Use Thyroid Awareness Month To Raise Awareness & Boost Screenings
January 27, 2020
If you aren’t aware that January is Thyroid Awareness Month, chances are you’re not alone. And if you’re also not fully aware of all that your thyroid does for your health, you’re not all by yourself in that, either. And that’s something needing change, because thyroid health is very integral to our overall health and well-being.
What the Thyroid Gland Does
First, let’s look at what this hard worker is and does. The thyroid is located in the middle of the lower neck, where it produces hormones T3 and T4, both of which affect every cell in the body. Here’s what they do:
- Control your body temperature and heart rate
- Help regulate the production of protein
If the thyroid is producing too much or too little T3 and T4, those conditions are known as:
Hyperthyroidism: occurs when the thyroid produces too much T4, and its symptoms include irritability, nervousness, shaking, muscle weakness, sudden weight loss, and sleeping problems. It also can result in Graves disease, a type of hyperthyroidism affecting about 1 percent of the population. This genetic autoimmune condition can cause the tissue and muscle behind the eyes to swell (Graves opthalmopathy).
Hypothyroidism: occurs when the thyroid doesn’t produce enough T3 and T4 hormones, or enough thyroid-stimulating hormone (TSH), and symptoms include extreme fatigue, depression, forgetfulness, and weight gain.
Up to 20 million Americans suffer from a thyroid condition, and more than half of them don’t’ even know it. Of that group, women are five to eight times more likely to have thyroid problems, the causes of which remain largely unknown.
Tests Can Ward Off Complications and Allow for Treatment
It’s important to have the thyroid checked out during a regular physical, because undiagnosed thyroid disease can lead to serious conditions, including cardiovascular diseases, osteoporosis, and infertility. The good news? Hyperthyroidism is a lifelong, but treatable, condition, usually that involves daily use of the synthetic thyroid hormone levothyroxine to regulate hormone levels. It can be diagnosed with a blood test and other thyroid tests. Treatments include anti-thyroid medicines and radioactive iodine to slow hormone production, and in some cases, surgery can be an option.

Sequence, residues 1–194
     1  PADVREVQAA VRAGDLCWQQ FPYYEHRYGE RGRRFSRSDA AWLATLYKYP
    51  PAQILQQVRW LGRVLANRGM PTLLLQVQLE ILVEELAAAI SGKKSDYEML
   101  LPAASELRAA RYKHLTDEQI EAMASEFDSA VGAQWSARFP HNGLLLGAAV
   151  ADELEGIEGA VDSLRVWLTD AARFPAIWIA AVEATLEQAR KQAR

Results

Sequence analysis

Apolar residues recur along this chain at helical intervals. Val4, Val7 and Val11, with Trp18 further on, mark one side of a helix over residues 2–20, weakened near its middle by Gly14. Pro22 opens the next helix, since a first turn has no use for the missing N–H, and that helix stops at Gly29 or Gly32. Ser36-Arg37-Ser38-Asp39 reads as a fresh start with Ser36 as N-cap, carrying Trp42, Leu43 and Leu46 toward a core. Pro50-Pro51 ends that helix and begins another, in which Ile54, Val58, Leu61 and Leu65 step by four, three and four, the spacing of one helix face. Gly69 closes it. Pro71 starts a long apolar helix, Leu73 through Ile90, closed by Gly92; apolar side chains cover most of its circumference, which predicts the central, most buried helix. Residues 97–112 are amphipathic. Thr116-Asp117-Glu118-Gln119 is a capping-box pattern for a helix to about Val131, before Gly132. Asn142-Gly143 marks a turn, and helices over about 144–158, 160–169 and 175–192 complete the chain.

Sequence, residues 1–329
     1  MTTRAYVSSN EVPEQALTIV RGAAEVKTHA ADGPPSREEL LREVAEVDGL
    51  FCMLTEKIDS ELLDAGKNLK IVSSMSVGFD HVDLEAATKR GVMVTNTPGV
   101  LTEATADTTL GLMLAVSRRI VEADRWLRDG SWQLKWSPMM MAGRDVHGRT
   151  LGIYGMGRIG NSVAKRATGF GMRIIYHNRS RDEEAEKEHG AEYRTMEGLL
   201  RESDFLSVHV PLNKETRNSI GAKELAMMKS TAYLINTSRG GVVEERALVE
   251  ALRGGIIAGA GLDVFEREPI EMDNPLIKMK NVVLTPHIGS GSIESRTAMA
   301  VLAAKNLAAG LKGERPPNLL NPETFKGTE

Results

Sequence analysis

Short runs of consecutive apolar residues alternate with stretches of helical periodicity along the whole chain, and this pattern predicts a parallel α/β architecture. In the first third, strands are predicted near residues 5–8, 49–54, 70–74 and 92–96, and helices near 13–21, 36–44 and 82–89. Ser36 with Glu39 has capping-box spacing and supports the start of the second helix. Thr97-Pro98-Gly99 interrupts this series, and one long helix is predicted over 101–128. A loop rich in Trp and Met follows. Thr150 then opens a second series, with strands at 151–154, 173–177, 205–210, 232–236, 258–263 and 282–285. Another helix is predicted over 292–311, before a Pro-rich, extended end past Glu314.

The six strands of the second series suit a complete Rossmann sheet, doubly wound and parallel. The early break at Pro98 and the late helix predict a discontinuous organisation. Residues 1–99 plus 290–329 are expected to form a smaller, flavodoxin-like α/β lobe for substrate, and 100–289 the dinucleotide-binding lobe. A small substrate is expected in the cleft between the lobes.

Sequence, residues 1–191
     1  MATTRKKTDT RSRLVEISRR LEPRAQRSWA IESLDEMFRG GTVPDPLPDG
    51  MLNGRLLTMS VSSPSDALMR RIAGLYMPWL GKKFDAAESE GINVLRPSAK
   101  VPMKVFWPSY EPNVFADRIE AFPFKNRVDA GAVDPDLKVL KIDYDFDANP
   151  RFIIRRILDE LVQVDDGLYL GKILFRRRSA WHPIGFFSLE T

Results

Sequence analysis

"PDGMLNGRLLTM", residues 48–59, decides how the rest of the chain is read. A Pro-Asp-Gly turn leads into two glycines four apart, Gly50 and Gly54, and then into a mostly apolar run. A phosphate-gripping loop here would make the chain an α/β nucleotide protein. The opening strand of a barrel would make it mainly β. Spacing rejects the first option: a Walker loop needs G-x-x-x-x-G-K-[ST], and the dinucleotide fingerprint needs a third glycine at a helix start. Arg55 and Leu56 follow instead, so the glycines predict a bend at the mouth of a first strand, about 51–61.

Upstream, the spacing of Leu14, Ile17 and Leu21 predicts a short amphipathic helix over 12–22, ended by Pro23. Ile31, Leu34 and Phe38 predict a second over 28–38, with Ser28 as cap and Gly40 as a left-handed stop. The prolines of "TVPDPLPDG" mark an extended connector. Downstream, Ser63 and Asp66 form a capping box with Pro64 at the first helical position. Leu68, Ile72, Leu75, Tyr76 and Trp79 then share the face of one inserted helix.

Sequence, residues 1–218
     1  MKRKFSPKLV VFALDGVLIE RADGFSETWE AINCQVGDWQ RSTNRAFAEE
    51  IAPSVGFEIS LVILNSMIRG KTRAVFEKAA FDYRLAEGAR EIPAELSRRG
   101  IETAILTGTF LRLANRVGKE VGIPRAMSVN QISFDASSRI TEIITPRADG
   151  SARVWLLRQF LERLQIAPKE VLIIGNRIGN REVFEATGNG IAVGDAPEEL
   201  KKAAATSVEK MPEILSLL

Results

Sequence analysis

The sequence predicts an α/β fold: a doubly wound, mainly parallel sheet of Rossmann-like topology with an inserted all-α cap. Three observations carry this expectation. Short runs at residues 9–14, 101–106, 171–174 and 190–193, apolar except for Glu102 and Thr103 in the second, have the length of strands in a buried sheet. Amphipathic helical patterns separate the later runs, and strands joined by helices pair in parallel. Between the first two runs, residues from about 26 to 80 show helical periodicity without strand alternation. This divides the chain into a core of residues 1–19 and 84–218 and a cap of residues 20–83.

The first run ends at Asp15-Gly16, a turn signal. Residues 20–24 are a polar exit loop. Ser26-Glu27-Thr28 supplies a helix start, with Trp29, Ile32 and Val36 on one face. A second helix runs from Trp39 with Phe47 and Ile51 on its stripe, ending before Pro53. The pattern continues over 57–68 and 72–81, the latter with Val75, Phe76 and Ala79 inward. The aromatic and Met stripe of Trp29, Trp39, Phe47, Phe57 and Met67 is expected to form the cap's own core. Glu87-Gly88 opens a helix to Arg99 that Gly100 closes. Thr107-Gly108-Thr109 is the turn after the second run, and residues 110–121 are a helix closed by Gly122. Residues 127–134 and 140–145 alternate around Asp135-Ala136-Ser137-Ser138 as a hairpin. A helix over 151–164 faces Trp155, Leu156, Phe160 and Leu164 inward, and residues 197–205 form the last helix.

A regular exam also can help catch thyroid cancer early, greatly improving the chances of a successful treatment regimen and outcome. Thyroid cancer is relatively uncommon in the United States, it is estimated that in 2016, 64000 new patients were diagnosed with one of the four types of thyroid cancer, compared to more than 240,000 patients with breast cancer and 135,000 patients with colon cancer, according to the American Thyroid Association (ATA)). However, the ATA adds, fewer than 2,000 patients die of thyroid cancer each year. In 2013, the last year for which statistics are available, more than 630,000 patients were living with thyroid cancer in the United States.
While thyroid conditions are not too common and can be treated, the bad news is that they can bring a lot of physical and mental challenges with them. Symptoms can be severe, making it hard to work or keep to a regular schedule. And hypothyroidism comes with doctor visits to regulate medicine and check for dosage changes as needed. So, if you are dealing with a thyroid condition, stick to your medication regimen. And if some of the above symptoms sound familiar, and you haven’t had a physical in a while, now’s a good time to get that scheduled and see if your thyroid is operating as it should be.